Date of Award

Fall 2017

Document Type


Degree Name

Master of Science (MS)


Ocean & Earth Sciences

Committee Director

Gregory Cutter

Committee Member

Peter Sedwick

Committee Member

John Donat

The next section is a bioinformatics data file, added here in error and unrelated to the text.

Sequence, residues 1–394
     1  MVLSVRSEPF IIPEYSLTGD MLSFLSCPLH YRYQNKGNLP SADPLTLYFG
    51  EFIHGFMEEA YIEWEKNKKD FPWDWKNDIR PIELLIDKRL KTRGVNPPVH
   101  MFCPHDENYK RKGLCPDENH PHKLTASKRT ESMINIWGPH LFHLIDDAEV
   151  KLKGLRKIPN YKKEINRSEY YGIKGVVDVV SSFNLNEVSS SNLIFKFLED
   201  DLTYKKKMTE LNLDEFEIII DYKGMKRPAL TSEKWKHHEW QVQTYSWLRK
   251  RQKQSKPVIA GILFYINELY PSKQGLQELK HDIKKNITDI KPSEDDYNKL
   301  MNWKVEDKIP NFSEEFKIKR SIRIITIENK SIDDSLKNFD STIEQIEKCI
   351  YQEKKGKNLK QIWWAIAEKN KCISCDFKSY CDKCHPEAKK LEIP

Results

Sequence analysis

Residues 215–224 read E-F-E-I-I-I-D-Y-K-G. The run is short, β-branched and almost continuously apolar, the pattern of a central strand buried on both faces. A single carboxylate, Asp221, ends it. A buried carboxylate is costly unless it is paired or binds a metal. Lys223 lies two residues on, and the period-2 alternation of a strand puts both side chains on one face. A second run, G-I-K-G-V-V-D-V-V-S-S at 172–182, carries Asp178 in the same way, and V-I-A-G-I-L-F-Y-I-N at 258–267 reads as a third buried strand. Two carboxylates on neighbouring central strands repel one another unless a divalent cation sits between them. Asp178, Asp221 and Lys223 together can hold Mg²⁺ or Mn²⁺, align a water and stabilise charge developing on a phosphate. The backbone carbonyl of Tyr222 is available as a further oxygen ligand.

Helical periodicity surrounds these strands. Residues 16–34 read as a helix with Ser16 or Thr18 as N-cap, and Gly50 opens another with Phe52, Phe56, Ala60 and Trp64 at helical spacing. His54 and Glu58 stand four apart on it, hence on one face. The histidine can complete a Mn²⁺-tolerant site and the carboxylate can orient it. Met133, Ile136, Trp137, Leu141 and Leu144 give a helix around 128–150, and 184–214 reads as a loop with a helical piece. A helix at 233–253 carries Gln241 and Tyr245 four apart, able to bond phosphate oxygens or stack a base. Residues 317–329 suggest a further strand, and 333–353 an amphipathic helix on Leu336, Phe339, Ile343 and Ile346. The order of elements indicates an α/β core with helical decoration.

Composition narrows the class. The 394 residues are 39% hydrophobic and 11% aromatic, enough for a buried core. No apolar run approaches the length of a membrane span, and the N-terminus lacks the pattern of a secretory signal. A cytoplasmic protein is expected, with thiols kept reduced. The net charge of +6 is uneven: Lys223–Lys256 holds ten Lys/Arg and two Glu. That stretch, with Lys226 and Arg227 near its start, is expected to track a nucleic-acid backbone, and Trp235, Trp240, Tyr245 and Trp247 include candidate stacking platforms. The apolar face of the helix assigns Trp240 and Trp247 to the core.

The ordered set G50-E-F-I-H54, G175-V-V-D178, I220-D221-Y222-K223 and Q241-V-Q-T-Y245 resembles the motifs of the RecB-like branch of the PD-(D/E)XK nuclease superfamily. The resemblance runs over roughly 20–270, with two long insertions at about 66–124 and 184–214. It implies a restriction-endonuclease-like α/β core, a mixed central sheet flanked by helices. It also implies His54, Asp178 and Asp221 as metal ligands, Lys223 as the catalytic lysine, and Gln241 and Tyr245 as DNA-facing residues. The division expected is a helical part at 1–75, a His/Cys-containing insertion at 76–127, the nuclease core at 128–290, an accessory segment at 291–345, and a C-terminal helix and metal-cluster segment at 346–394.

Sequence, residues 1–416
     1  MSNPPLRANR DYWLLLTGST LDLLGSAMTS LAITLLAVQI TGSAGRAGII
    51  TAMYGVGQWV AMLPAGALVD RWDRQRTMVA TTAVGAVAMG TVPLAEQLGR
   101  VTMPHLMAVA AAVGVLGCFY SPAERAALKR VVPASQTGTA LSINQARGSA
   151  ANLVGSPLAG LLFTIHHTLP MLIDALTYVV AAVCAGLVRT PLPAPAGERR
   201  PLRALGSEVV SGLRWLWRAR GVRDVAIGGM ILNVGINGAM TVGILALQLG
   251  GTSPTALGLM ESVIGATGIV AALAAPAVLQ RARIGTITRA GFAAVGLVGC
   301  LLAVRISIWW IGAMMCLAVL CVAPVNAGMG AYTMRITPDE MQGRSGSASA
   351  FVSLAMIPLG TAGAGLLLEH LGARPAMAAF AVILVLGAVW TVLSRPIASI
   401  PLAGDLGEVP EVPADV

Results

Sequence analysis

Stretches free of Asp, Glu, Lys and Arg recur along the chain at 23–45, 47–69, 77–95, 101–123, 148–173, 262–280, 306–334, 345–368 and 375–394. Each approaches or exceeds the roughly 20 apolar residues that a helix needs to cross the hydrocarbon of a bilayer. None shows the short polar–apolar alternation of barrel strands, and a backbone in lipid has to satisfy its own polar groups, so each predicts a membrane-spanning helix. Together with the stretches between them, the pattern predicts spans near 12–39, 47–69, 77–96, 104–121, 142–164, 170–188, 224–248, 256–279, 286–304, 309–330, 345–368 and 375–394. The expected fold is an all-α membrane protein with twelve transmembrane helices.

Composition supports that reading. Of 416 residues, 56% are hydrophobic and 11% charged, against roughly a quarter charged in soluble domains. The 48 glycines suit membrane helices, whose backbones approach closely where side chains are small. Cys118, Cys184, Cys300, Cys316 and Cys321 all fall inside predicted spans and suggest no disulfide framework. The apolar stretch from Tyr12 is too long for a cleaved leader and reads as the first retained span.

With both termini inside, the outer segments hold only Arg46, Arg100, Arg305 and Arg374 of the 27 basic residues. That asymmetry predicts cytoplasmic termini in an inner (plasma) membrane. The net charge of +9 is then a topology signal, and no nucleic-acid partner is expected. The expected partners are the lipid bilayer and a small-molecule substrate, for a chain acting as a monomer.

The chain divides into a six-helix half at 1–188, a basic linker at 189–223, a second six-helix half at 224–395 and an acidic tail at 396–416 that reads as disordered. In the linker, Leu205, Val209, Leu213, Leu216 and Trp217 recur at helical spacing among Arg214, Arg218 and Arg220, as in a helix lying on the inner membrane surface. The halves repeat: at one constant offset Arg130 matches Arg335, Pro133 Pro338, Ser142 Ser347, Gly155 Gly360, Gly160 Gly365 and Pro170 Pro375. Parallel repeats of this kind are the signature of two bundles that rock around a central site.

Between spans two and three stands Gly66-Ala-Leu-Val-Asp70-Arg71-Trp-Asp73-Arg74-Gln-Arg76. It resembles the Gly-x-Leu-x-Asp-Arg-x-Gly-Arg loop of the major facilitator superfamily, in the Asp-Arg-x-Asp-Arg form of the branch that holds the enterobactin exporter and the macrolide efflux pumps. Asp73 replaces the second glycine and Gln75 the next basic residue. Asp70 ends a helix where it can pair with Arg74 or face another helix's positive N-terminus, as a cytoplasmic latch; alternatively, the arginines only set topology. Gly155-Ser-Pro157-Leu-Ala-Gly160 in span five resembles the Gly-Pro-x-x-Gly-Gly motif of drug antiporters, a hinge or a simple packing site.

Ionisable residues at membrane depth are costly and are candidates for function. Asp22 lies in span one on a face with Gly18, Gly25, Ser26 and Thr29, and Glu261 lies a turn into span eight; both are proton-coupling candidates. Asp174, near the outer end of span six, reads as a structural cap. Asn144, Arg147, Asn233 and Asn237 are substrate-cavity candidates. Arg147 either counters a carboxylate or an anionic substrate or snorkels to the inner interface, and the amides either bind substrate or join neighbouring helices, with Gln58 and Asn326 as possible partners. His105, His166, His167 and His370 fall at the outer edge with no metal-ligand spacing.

Oxygen minimum zones in oceanic waters have become increasingly important to the marine environment and society. Low oxygen waters affect not only the distribution and abundance of marine organisms, but also impact the solubility and transport of trace elements that are of biological importance, with the chemical speciation and solubility depending on the actual redox poise of the waters. One redox sensitive trace element of interest is selenium, which can be both toxic and essential for organisms, depending on its chemical speciation. In 2013, the US GEOTRACES program completed the GP16 transect from Peru to Tahiti, going through the oxygen minimum zone off Peru. Dissolved selenate, selenite, and organic selenide, as well as particulate elemental selenium, were determined in water column samples. Nitrate and nitrite data were used to determine where denitrification was occurring and thus approximately where dissimilatory reduction of selenium should be occurring. Deficits in dissolved selenite+selenate showed that dissimilatory reduction of selenium (bacterial utilization of an oxidized metal as the terminal electron acceptor during respiration) occurred within the oxygen minimum zone at slightly deeper depths than where denitrification was found. The observed selenium deficits can be the result of dissimilatory reduction occurring in situ or can be laterally advected from anoxic coastal sediments. However, using a combination of advection/diffusion modeling, particulate Se(0) data, and 234Th-derived flux rates, the dissimilatory reduction of selenium was shown to mainly occur in situ, rather than via advection/diffusion from coastal sediments.


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